Saturday, August 22, 2015

The Basket of Apples

Churches are like a basket of apples; some are very good, but others so bad that they cannot be eaten. When all the apples are sound the basket of apples is sweet. When one apple goes rotten it has to be removed and the apples around it need to be washed. When several apples begin to rot, they need to be thrown out, and all the apples in the basket need to be cleansed. But that is as far as the parable goes. Unlike apples, people in churches have freedom to choose. Sometimes they choose to honour the rotten apples. Are there rotten apples in all churches? Yes, of course there are. The church is like that proverbial field of the wheat and the tares.

Bonhoeffer said, “The old world cannot take pleasure in the Church because the Church speaks of its end as though it had already happened--as though the world had already been judged.  The old world does not like being regarded as dead.  The Church has never been surprised at this, nor is it surprised by the fact that again and again men come to it who think the thoughts of the old world--and who is there entirely free from them?  But the Church is naturally in tumult when these children of the world that has passed away lay claim to the Church, to the new, for themselves.  They want the new and only know the old.  And thus they deny Christ the Lord” [Dietrich Bonhoeffer, Creation and Fall, translated by John C. Fletcher.  (New York: Macmillan, 1959), 11].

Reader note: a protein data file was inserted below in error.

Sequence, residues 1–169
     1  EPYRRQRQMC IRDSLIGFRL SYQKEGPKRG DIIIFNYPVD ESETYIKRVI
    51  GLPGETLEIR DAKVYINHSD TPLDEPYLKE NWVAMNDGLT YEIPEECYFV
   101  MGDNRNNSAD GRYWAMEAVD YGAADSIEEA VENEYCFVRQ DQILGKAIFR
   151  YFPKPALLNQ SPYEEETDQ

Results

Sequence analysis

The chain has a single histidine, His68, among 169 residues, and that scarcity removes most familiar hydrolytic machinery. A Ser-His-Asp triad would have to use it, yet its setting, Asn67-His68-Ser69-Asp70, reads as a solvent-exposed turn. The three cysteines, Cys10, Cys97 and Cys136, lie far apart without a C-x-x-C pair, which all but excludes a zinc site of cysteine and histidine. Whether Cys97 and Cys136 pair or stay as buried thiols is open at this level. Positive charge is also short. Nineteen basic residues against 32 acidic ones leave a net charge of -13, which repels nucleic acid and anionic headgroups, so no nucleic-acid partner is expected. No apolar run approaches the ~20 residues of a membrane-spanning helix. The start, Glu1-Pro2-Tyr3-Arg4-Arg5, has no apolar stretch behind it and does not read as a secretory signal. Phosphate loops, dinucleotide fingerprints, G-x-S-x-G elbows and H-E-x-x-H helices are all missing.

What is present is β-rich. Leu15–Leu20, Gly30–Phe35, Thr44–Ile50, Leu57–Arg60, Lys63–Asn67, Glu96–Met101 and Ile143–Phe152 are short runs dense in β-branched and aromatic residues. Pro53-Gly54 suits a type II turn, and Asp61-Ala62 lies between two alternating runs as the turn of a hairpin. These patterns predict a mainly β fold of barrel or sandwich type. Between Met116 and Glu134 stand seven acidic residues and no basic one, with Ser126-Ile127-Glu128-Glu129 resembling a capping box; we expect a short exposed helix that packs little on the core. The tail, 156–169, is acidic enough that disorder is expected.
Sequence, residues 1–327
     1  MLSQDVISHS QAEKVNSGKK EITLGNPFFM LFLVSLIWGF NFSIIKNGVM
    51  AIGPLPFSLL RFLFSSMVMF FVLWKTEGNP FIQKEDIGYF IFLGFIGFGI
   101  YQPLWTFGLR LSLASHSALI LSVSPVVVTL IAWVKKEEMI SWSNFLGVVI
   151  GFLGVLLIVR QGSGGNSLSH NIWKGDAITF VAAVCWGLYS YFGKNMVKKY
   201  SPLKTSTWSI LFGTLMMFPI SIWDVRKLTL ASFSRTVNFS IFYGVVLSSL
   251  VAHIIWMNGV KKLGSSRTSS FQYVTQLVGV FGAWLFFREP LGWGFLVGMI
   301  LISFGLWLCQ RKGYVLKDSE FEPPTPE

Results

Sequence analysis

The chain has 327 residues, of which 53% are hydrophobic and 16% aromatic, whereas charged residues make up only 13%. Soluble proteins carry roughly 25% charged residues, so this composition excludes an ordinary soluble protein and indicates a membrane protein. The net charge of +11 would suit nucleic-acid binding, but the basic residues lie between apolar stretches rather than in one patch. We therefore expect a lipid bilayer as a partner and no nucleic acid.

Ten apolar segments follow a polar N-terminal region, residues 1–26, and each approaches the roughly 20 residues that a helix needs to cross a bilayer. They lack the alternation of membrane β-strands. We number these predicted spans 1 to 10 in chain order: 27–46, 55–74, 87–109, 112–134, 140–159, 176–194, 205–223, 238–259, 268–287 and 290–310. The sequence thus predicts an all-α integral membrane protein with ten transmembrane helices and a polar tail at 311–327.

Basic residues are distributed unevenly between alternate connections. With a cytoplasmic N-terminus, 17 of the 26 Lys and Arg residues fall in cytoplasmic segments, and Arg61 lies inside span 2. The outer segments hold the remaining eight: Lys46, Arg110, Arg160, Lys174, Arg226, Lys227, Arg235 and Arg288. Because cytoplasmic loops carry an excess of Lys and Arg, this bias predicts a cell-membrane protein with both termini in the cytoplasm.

The Church is in the redemption business and we should be glad that the children of the world come to the Church; after all “such were some of you.” But care needs to be taken to speak the truth in love to the tares that are in the church, rather follow them. Christians are like salt and are meant to flavor the world, but if Christians lose their saltiness and fail to speak loving words of truth to the grumblers and murmurers in their midst, soon the whole basket of apples will only be fit to be thrown out. In one church there was a row of rotten apples that all sat together in one pew. That is why one morning the minister of music began to sing, “When the row is called up yonder, I’ll be glad.”

“And the LORD said to me, "What do you see, Jeremiah?" I said, "Figs, the good figs very good, and the bad figs very bad, so bad that they cannot be eaten” [Jeremiah 24:3.

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